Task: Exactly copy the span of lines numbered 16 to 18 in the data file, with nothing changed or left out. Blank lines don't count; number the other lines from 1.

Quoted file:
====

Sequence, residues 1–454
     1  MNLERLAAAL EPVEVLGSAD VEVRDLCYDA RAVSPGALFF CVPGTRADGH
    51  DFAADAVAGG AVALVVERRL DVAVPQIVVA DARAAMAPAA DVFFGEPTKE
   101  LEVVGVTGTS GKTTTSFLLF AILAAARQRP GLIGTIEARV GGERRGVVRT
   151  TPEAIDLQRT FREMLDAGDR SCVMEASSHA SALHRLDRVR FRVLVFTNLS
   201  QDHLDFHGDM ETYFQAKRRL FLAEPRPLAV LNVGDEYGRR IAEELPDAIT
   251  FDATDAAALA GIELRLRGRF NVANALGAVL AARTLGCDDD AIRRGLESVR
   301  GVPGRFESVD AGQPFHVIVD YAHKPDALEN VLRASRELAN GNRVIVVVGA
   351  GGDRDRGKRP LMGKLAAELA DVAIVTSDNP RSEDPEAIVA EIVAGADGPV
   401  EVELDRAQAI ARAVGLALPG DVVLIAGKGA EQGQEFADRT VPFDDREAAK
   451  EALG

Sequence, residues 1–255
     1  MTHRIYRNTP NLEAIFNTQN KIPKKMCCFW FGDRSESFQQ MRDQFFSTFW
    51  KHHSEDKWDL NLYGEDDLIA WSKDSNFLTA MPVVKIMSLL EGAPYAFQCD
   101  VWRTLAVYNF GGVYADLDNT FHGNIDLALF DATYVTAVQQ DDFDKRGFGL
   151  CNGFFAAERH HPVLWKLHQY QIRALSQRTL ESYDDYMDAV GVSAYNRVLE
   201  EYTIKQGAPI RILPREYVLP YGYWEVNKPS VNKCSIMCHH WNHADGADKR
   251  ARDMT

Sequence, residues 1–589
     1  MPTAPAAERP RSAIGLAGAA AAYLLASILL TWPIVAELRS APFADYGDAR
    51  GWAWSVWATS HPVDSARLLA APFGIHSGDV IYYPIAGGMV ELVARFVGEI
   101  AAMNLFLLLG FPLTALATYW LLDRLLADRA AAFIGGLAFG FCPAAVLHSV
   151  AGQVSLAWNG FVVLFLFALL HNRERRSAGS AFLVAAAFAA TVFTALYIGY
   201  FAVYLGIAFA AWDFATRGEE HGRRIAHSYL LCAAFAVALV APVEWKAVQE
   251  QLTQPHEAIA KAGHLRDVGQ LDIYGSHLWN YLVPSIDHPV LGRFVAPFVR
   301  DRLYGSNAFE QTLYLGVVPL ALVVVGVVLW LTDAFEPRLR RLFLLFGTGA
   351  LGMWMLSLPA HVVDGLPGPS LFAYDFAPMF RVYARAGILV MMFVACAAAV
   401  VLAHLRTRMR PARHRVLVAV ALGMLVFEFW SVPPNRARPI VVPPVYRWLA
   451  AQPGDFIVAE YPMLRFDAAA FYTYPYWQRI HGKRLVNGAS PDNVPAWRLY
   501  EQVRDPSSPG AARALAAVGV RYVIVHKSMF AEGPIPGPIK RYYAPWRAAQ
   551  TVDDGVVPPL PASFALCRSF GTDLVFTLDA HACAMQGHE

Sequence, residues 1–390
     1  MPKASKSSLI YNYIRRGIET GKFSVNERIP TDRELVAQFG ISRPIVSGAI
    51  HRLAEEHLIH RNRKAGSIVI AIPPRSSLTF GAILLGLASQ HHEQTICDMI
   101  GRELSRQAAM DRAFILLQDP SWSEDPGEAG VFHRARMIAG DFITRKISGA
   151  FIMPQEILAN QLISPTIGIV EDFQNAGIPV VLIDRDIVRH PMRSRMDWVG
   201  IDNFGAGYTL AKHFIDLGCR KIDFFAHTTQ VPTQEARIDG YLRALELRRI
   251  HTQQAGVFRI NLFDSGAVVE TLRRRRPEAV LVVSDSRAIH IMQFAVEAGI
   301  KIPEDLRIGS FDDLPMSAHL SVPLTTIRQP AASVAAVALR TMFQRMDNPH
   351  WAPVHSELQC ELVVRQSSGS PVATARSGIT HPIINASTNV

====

   151  CNGFFAAERH HPVLWKLHQY QIRALSQRTL ESYDDYMDAV GVSAYNRVLE
   201  EYTIKQGAPI RILPREYVLP YGYWEVNKPS VNKCSIMCHH WNHADGADKR
   251  ARDMT